Monday, 23 December 2013
Kerem Öktem (Open Society Research Fellow, European Studies Centre, St Antony's College, Oxford)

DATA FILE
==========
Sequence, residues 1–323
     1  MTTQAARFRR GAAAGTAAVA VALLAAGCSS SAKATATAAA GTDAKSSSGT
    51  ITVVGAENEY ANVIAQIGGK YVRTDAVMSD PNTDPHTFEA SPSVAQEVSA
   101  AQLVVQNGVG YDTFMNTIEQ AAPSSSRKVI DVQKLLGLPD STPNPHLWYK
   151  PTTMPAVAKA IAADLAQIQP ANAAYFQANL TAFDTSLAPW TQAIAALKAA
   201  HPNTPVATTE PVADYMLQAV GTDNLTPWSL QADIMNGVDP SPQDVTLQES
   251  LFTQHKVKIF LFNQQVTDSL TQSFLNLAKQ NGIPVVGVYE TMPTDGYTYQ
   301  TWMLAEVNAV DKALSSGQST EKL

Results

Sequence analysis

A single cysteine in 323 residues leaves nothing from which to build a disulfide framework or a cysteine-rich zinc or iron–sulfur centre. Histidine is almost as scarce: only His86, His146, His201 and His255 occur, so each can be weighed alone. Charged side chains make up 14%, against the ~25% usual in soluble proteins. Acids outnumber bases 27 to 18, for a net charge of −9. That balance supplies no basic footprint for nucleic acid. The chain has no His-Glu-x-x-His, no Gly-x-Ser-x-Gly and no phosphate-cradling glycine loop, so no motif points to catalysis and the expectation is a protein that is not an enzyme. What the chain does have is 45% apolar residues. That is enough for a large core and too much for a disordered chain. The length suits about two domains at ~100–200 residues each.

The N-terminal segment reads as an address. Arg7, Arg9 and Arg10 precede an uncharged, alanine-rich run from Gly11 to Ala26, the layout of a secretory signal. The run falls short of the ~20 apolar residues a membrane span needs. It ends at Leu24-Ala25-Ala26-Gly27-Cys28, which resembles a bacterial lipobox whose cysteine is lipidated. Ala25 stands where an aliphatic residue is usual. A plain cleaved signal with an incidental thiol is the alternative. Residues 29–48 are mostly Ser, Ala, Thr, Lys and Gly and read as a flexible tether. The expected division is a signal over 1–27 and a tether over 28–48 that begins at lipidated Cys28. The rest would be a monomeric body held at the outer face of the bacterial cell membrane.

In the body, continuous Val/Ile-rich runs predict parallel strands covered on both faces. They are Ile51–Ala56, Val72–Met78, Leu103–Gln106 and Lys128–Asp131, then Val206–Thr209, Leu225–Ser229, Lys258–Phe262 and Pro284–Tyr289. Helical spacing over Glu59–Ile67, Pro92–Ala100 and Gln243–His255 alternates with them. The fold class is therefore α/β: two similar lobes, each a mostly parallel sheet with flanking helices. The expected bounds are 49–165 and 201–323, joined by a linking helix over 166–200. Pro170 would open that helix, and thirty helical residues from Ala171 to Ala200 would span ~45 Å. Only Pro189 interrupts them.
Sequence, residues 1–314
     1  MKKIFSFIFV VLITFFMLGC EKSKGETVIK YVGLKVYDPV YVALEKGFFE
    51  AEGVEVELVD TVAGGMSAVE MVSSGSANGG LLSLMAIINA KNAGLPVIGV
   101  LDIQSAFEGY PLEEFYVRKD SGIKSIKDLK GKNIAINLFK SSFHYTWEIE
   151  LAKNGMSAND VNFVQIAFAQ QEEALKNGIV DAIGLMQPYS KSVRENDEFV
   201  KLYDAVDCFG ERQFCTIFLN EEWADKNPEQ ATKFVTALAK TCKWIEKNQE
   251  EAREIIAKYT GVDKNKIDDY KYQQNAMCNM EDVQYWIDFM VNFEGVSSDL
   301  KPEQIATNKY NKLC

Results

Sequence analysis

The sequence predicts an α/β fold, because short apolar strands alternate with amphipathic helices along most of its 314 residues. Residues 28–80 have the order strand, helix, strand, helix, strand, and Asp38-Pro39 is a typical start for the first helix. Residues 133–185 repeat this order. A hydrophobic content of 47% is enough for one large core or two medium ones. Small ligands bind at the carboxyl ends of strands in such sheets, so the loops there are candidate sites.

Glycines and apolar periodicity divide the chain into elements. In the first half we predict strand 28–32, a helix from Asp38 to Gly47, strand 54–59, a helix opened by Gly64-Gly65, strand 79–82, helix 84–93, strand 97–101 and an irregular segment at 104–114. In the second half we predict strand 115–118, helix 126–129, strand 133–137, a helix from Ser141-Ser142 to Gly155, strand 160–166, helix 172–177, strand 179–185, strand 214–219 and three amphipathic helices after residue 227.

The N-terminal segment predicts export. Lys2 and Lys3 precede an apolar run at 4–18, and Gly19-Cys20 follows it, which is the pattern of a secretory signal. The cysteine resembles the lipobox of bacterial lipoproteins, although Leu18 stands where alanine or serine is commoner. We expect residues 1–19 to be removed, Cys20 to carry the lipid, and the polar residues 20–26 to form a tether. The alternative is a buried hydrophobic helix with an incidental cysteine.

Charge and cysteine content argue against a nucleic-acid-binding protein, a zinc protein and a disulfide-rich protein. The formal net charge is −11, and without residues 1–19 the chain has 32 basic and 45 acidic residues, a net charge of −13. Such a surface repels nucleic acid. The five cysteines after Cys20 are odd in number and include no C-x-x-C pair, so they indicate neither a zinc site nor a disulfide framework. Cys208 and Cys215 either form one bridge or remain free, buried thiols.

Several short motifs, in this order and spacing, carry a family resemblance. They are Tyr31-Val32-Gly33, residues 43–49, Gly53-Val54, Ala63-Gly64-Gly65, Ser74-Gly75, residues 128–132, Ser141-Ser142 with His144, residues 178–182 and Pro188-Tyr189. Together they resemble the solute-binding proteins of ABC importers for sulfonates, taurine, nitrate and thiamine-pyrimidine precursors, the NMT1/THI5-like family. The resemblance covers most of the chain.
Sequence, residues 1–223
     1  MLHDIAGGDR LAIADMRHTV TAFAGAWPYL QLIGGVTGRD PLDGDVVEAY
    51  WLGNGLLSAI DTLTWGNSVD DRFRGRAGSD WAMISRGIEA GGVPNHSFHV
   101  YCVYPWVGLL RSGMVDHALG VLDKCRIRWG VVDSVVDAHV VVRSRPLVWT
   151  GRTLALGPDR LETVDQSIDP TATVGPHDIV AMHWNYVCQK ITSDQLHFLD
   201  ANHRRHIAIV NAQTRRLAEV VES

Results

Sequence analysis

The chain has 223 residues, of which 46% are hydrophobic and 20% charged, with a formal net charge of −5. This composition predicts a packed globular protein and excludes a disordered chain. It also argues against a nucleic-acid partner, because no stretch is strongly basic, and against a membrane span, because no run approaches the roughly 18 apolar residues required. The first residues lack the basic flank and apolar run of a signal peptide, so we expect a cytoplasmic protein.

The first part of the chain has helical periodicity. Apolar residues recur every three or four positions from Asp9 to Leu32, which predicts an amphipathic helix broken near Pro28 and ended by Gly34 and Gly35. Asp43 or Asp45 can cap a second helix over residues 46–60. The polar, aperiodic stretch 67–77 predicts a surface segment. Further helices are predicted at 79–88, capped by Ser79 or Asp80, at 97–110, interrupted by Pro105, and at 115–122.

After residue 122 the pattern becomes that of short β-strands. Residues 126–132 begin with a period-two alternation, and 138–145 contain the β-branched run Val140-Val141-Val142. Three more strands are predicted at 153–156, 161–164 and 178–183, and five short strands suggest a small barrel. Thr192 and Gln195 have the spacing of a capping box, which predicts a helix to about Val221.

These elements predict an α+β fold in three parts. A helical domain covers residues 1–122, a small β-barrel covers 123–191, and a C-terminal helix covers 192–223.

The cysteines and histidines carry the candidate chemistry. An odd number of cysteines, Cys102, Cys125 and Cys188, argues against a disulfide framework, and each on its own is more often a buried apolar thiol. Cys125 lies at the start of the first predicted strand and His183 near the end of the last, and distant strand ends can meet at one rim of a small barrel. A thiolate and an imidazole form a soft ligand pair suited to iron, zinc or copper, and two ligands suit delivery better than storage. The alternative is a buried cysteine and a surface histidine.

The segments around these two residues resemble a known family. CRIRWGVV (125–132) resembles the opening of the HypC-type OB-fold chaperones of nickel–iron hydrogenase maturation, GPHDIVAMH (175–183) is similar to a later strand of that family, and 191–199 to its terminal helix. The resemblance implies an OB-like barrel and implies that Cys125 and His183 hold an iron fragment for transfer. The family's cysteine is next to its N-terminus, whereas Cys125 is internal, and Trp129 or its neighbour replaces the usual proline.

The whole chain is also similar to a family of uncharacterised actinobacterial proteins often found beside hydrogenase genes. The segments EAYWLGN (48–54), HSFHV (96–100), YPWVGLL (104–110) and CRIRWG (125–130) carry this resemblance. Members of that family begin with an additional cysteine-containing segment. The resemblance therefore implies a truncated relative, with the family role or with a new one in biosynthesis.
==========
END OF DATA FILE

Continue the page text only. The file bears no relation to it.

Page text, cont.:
The summer of 2013 has been marked by significant citizen mobilization almost all over Southeast Europe. The mass protests of Istanbul's Gezi Park and Sofia's Orlov Most stood out. Yet, as we discussed in the workshop 'Citizen unrest and the politics of protest in Southeast Europe', discontent with populist politics and incomplete democracies had been building up all over the region over the last few years. As Gwendolyn Sasse (Nuffield) and Michael Willis (St Antony's) suggested, neither the Eastern and Southeast European protests, nor the Arab Spring uprisings can be understood as sudden outbursts of frustrated segments of society. As a matter of fact, protests don't just happen, they always have a pre-history, as one participant stated. In all cases discussed, a certain path dependence explains how popular discontent is translated into action or the lack thereof. In Algeria, for instance, protests did not take hold despite immediate proximity to Tunisia and economic problems as pressing, because the memory of the destructive Algerian Civil War is still very much alive. In this pre-history, a series of factors matter: From the levels of public sector employment to the content of IMF rescue packages, from public trust prior to the protests to forms of party mobilization, protests are shaped by these factors.